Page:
Hi there. With the dawning of a new year, I've decided to make some changes. Starting tomorrow, I'm going to try to post on LiveJournal every day.

I'm certainly keeping up my puzzlemaking, and I'd like to point out that some of my creations are going up on Grandmaster Puzzles. Moreover, I intend to put out some life updates here, along with puzzles that don't quite fit over there.

Happy New Year, everyone!

- Current Music:"Party in the USA"

Alexandre Muñiz posted some combinatorial musings on the World Cup recently, and I had a stab at the main posed problem. Figured out some shortcuts, but it's quite combinatorially tricky.

The question is this: given that the soccer teams in each of several groups are evenly matched, and there is a certain likelihood of each game resulting in a tie, how likely is it that the groups will all have different scores?

**( One imperial long butt-ton of explorationCollapse )**

Well, that's about it for the main problem. I don't know the answer. But to make sure my methods work, I tried them in a spreadsheet on three groups of three teams each. The probability of no repeats when ties are 1/3 probability is about .53315 or exactly 1166/2187. This reaches a maximum of about .533468755 when ties have a probability of about .34308.

- Current Music:OK Go, "The Writing's On the Wall"

This is a Star Battle variant. There are fifteen colored letter regions and six white regions. The internal borders in the W, P, A, and E are purely to emphasize the letters.

**Rules:**Forty-two squares of the grid each contain one star, and the rest are empty. No two star squares share a corner or a side. Locate these stars, given that there are two per region, and three per row and column.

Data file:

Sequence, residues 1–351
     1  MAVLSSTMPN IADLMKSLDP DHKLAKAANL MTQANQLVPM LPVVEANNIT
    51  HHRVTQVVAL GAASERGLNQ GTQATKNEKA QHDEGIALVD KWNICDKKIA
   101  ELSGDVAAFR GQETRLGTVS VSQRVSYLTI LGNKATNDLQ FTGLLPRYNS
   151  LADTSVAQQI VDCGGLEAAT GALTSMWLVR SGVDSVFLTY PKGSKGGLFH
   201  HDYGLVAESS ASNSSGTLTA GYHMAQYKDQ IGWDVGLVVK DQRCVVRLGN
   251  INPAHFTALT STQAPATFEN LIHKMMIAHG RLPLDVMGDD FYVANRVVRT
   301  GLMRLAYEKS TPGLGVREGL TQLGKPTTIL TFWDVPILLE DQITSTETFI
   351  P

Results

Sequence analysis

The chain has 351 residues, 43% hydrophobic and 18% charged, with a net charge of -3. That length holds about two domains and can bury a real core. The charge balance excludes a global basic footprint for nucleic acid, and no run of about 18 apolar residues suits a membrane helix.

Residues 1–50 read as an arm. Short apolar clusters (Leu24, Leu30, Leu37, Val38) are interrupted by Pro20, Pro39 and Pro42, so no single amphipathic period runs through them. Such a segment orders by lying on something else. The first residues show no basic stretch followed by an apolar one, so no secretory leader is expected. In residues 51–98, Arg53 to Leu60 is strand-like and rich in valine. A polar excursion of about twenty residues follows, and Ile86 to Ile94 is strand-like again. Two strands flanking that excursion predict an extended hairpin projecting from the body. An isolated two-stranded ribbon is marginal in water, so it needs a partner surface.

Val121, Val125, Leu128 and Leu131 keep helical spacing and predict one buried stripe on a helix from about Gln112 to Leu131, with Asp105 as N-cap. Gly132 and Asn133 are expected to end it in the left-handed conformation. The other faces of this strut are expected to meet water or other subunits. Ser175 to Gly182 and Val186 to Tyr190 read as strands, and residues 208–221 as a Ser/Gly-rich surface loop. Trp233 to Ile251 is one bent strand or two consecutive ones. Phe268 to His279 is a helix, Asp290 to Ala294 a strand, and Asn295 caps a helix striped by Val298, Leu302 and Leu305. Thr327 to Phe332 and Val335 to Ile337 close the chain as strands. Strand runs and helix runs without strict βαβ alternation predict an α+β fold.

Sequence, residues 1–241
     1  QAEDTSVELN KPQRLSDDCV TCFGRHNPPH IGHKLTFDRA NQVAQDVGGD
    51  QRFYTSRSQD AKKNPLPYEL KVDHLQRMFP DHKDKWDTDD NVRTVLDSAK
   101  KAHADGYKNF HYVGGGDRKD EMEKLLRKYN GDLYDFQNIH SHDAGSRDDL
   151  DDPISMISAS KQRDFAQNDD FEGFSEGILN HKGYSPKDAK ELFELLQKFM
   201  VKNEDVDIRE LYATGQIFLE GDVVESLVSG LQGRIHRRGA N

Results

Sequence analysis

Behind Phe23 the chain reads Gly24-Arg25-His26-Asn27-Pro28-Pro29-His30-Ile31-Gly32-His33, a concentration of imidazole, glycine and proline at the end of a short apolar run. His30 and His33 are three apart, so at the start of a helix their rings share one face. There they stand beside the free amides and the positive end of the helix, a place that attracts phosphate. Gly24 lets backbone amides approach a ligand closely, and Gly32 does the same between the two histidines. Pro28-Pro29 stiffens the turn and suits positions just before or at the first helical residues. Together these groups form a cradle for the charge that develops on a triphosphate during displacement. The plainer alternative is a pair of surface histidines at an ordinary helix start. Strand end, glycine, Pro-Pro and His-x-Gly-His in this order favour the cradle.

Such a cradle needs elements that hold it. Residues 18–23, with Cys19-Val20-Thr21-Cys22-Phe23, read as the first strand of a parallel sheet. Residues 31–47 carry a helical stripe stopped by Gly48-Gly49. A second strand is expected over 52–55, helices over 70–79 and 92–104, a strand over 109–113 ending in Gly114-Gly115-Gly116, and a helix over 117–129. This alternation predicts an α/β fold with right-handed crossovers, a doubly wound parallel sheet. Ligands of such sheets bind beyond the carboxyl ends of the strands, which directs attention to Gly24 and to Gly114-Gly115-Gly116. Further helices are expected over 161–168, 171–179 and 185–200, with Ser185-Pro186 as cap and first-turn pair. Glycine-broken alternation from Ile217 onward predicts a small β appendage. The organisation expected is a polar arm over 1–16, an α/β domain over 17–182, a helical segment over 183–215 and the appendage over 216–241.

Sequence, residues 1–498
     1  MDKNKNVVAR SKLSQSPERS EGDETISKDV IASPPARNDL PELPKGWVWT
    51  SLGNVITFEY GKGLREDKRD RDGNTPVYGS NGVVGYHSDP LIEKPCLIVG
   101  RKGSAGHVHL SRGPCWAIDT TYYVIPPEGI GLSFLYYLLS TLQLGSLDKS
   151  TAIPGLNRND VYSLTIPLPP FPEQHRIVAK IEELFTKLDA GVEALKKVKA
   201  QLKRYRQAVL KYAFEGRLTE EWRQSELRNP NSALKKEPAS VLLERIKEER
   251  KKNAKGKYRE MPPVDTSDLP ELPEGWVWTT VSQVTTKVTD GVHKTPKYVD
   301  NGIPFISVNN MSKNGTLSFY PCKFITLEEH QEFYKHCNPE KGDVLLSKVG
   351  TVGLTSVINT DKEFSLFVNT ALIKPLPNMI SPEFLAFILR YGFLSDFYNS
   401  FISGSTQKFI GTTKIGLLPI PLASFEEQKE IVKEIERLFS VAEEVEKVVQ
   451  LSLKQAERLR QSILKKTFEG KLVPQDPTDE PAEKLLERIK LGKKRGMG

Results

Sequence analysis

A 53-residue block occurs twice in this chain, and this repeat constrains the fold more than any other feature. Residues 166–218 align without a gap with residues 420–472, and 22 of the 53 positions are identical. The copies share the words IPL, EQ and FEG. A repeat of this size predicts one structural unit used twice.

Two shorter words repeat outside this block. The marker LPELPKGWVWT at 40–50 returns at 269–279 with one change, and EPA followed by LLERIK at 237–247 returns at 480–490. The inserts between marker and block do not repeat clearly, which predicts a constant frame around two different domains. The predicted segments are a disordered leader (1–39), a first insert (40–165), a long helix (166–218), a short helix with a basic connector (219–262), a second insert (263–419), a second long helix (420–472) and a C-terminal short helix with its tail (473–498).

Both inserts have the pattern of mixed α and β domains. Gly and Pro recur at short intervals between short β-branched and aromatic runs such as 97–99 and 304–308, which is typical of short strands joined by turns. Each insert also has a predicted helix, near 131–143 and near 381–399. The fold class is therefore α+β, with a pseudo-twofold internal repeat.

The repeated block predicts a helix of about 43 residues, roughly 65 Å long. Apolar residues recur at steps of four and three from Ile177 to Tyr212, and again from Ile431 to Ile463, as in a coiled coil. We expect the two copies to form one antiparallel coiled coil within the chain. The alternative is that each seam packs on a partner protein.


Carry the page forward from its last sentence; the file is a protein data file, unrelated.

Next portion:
So Star Battle is a pretty obvious choice, since Twilight's cutie mark is a group of stars. But why 21 regions in a 14*14 square? Well, I hit upon using 42 stars because in the episode "Fall Weather Friends," some of the cast participated in a race called the Running of the Leaves, and Twilight's racer number was 42. And beyond that number having a prominent place in geek culture, it's also the number of points on the stars in her mark (two large overlapping stars, five smaller stars surrounding them, each with six points).

Then with fifteen regions forming letters, 21 total regions was obvious. And I've already seen several small-region SBs, so using a grid smaller than 21*21 wasn't a tortuous decision.

Next week, I hope to have a doozy of a puzzle ready for you. Maybe I'll even make one for Spike. ^_^

- Current Mood: accomplished
- Current Music:Smash Mouth, "All Star"

This is a kuromasu with the twist that half the clues are multiplicative. Of course, I'm going to de-jargon that for you.

**Rules:**Blacken some of the grid squares so that each number represents its square's line of sight in one of two ways. An observer at each clue looks up, down, left, and right, and sees up to the edge of either the grid or the nearest black square. A clue number is either the count of all these squares including itself, or the total horizontal distance times the total vertical distance. Six of these clues should be one kind, and the other half-dozen should be the other kind.